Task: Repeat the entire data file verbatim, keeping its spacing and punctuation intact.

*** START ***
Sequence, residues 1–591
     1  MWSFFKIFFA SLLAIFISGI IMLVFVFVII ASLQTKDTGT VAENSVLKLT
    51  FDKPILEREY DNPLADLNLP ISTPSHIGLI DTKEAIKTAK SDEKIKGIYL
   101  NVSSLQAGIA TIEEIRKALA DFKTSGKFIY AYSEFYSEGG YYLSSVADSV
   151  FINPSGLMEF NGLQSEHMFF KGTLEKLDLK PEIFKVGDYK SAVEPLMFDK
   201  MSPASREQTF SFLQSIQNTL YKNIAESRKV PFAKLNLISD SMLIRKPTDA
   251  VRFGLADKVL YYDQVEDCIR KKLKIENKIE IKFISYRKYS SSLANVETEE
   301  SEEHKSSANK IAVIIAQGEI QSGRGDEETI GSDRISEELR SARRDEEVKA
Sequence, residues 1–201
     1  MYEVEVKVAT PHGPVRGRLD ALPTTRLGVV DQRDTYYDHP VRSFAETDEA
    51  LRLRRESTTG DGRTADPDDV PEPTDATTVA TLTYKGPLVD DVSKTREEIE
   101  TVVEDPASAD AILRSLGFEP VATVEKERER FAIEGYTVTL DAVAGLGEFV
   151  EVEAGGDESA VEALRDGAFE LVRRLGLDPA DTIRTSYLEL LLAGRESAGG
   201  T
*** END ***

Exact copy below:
Sequence, residues 1–591
     1  MWSFFKIFFA SLLAIFISGI IMLVFVFVII ASLQTKDTGT VAENSVLKLT
    51  FDKPILEREY DNPLADLNLP ISTPSHIGLI DTKEAIKTAK SDEKIKGIYL
   101  NVSSLQAGIA TIEEIRKALA DFKTSGKFIY AYSEFYSEGG YYLSSVADSV
   151  FINPSGLMEF NGLQSEHMFF KGTLEKLDLK PEIFKVGDYK SAVEPLMFDK
   201  MSPASREQTF SFLQSIQNTL YKNIAESRKV PFAKLNLISD SMLIRKPTDA
   251  VRFGLADKVL YYDQVEDCIR KKLKIENKIE IKFISYRKYS SSLANVETEE
   301  SEEHKSSANK IAVIIAQGEI QSGRGDEETI GSDRISEELR SARRDEEVKA
Sequence, residues 1–201
     1  MYEVEVKVAT PHGPVRGRLD ALPTTRLGVV DQRDTYYDHP VRSFAETDEA
    51  LRLRRESTTG DGRTADPDDV PEPTDATTVA TLTYKGPLVD DVSKTREEIE
   101  TVVEDPASAD AILRSLGFEP VATVEKERER FAIEGYTVTL DAVAGLGEFV
   151  EVEAGGDESA VEALRDGAFE LVRRLGLDPA DTIRTSYLEL LLAGRESAGG
   201  T